Utility Reassessed, the role of ethics in the practice of design. Edited by Judy Attfield, Manchester University Press, 1999.
Chapter 7. Utility Furniture and the myth of Utility 1943-48. p110-124.
The history of Utility furniture and the furniture designs that were supplied under the scheme have been represented in many different ways by various authors since the theme was introduced by the Board of Trade in 1943. This chapter will consider the factors which led to the introduction of Utility furniture and the designs of the furniture that were included in the scheme between 1943 and 1948. It will be shown that, contrary to some published opinions, the designs for Utility furniture were not the result of any one particular design ideology, but of a complex scheme of rationing, attempting to meet an ever-changing economic and supply problem.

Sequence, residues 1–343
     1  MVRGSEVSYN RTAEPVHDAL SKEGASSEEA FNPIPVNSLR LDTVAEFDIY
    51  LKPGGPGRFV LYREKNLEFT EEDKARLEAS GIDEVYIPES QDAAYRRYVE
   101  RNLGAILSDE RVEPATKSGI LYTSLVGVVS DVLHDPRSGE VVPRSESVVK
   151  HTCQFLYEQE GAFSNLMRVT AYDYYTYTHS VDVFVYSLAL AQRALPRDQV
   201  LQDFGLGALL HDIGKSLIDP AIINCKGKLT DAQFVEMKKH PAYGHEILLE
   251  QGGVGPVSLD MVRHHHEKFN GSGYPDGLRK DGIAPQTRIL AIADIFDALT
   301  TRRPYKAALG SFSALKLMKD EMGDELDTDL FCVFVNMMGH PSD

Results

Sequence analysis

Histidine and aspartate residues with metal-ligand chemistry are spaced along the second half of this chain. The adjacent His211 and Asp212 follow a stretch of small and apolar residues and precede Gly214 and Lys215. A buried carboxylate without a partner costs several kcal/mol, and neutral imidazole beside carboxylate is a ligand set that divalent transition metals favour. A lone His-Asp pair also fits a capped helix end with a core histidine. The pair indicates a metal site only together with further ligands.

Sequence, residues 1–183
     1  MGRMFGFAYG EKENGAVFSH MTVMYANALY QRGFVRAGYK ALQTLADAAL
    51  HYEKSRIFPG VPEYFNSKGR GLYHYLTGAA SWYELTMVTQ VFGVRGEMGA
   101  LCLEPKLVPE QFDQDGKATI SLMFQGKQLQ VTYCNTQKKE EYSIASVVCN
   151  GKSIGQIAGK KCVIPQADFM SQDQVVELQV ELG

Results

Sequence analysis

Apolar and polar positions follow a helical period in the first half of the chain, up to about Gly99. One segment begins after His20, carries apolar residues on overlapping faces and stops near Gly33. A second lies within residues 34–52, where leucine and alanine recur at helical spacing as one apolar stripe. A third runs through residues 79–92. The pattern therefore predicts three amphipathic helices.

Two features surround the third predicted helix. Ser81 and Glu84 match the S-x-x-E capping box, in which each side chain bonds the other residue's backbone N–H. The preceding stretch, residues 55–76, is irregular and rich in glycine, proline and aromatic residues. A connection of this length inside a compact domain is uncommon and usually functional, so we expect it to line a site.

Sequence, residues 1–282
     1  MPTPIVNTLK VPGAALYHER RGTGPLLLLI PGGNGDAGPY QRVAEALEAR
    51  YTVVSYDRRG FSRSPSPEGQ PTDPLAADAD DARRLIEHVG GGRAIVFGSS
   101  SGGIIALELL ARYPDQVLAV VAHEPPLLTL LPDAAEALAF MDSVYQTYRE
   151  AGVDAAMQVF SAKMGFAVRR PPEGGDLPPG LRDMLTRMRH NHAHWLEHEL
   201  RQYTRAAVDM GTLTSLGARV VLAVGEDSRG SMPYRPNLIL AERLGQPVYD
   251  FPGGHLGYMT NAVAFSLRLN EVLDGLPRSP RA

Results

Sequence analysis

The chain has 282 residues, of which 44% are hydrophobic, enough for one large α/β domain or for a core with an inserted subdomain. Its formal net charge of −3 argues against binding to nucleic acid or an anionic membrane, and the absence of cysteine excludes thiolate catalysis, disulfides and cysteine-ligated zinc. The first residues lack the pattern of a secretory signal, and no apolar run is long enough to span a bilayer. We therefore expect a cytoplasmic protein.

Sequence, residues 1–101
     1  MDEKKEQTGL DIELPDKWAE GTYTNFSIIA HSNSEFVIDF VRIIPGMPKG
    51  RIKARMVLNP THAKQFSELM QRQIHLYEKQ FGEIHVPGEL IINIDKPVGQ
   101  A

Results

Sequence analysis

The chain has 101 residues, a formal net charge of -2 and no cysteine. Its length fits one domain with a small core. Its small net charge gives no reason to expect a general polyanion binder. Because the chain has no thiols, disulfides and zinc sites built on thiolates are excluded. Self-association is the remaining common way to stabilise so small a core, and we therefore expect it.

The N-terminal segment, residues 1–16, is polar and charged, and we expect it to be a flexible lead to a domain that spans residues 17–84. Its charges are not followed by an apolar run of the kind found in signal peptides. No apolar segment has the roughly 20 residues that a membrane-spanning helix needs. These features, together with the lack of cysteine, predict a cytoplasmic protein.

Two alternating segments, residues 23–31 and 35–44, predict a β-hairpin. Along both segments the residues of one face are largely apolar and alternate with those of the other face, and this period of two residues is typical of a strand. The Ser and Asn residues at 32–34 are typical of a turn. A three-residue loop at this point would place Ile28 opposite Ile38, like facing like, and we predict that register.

Four dressing-tables from the second Utility Furniture Catalogue published in June 1947: (top left) Cotswold Range; (top right) Cotswold Range; (bottom left) Chiltern Range; (bottom left) Chiltern Range.
“From a visual inspection of certain items of Utility furniture it would be just as possible to draw links between Utility furniture and Modernism as it is between Utility and the Arts and Crafts Movement. The diversity of designs produced under the Utility scheme when the freedom of Design period is recognised as part of it, is sufficiently large that a design could be found to characterise the gamut of styles from reproduction Jacobean to contemporary.
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